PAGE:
A federal judge on Tuesday blocked an order from Attorney General William BarrWilliam Pelham BarrGohmert calls Mueller an ‘anal opening’ ahead of testimony Justice Dept. offers emergency funding for law enforcement in Alaska Native villages Trump digs in on citizenship question after Supreme Court setback MORE that stated certain asylum seekers can be detained indefinitely.

U.S. District Judge Marsha Pechman in Washington state wrote that it was “unconstitutional” to deny asylum seekers a bond hearing while they wait for their asylum claims to be processed.

“It is the finding of this Court that it is unconstitutional to deny these class members a bond hearing while they await a final determination of their asylum request,” Pechman, a Clinton appointee, wrote in her ruling.


The judge had issued a preliminary injunction earlier this year that required asylum seekers who are given a hearing in their proceedings to be released within seven days after that hearing is granted.

The Trump administration had asked her to dismiss that ruling, after Barr issued his new asylum order. But Pechman rejected the request in her order on Tuesday, finding that the policy implemented by Barr’s order was unconstitutional.

The attorney general had written in the order, issued in April, that asylum seekers who are able to demonstrate a “credible fear” and are sent to full deportation proceedings cannot be released on bond.

That directive overturned a ruling by the Board of Immigration Appeals in 2005 that found asylum-seekers could be released on bond if they are able to exhibit they have credible fear of persecution or danger if they leave the U.S.

“I conclude that such aliens remain ineligible for bond, whether they are arriving at the border or are apprehended in the United States,” Barr wrote at the time, invoking a statute included in the Immigration and Nationality Act.

Pechman wrote that she was adjusting her previous preliminary injunction requiring the release of those impacted asylum seekers to also address Barr’s order, and that the new injunctions will go into effect within 14 days of it being issued.

The judge cited a previous Supreme Court ruling that “definitively established the immigrant detainees’ constitutionally-protected interest in freedom from unnecessary incarceration.”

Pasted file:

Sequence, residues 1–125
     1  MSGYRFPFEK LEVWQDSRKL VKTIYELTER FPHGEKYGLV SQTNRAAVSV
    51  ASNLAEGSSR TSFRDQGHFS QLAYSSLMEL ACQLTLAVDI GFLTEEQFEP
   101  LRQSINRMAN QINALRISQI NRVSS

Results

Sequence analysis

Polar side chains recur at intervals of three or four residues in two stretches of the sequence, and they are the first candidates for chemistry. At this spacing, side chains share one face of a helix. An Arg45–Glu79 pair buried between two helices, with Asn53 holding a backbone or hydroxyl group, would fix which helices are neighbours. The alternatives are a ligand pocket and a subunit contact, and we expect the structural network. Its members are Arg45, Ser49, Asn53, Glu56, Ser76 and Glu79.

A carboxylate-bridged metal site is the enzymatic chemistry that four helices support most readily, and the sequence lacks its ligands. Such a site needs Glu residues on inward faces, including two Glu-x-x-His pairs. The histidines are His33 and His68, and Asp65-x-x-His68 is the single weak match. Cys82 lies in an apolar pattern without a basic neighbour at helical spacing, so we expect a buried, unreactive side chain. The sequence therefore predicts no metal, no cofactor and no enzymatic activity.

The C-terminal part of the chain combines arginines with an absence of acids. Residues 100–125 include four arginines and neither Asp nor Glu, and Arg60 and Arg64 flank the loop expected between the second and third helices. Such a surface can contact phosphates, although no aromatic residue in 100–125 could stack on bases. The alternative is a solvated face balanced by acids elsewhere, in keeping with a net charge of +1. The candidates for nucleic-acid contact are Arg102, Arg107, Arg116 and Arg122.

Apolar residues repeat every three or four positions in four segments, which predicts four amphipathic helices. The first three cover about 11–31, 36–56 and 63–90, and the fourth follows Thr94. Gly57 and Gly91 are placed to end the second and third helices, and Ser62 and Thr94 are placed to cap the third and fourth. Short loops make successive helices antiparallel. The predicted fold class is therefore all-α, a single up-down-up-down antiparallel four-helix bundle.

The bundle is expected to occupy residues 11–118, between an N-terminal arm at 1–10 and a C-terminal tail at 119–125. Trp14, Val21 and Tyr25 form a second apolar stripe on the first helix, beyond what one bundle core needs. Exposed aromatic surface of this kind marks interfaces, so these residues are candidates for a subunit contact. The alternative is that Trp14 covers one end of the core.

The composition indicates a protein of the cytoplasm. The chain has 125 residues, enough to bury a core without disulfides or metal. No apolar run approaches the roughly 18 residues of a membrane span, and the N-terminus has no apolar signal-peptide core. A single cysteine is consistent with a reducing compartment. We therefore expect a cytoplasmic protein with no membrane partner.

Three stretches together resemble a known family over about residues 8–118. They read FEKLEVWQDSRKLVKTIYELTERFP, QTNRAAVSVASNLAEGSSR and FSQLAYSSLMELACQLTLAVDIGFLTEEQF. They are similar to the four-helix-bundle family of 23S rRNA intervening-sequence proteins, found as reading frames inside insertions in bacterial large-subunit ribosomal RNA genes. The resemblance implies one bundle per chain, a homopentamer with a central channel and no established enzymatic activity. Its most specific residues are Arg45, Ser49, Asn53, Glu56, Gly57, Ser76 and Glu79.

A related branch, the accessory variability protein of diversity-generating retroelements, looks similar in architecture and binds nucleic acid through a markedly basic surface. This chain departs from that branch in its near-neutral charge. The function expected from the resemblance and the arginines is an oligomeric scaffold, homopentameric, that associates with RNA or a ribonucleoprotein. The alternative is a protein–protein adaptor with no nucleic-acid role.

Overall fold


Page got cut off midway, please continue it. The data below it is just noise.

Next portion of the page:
And she wrote that the immigrants are “are entitled to due process protections,” including a “longstanding prohibition against indefinite civil detention with no opportunity to test its necessity.”

“The Court finds that Plaintiffs have established a constitutionally-protected interest in their liberty, a right to due process which includes a hearing before a neutral decisionmaker to assess the necessity of their detention, and a likelihood of success on the merits of that issue,” Pechman wrote.

And the judge again ruled that the asylum seekers are likely to face “irreparable harm” under the policy.

“All the harms attendant upon their prolonged detention cited in the original ruling on Plaintiffs’ request for injunctive relief remain applicable here – substandard physical conditions, low standards of medical care, lack of access to attorneys and evidence as Plaintiffs prepare their cases, separation from their families, and re-traumatization of a population already found to have legitimate circumstances of victimization,” the ruling states.

Pechman also pushed back against the administration’s argument that the potential harm was “speculative,” saying that those claims “lack substance.”

However, she said she didn’t believe that the asylum seekers would win by alleging that Barr violated federal administrative law with his order.

The Hill has reached out to the Justice Department for comment.

Several immigration groups had challenged the policy in court on behalf of the asylum seekers.

Michael Tan, a senior staff attorney with the ACLU’s Immigrants’ Rights Project, said in a statement that the Trump administration ”cannot circumvent the Constitution in its effort to deter and punish asylum-seekers applying for protection.”

Trina Realmuto, the directing attorney of the American Immigration Council, similarly celebrated the order. 

“Today’s decision safeguards many asylum-seekers from the attorney general’s unlawful efforts to keep them incarcerated indefinitely while they seek protection from persecution and ensures that they have prompt bond hearings with basic due process protections,” Realmuto said.

And Matt Adams, the legal director of the Northwest Immigrant Rights Project, said in a similar statement that “thousands of asylum-seekers will continue to be able to seek release on bond, as they seek protection from persecution and torture.”

The ruling comes amid attempts by the Trump administration to crack down on asylum rules.

President TrumpDonald John TrumpGOP senators press Pompeo on Boeing satellite sales to China Trump touts low black unemployment, criminal justice reform on anniversary of Civil Rights Act Trump says Mueller ‘must’ stick to report’s findings during testimony MORE late last month had delayed planned immigration raids, saying that Congress had two weeks to pass restrictions on the asylum laws. But the president said Monday that those raids would begin after July Fourth.

House Democrats have opposed passing any asylum restrictions, and much of the two week period takes place as lawmakers are away from Capitol Hill on recess.

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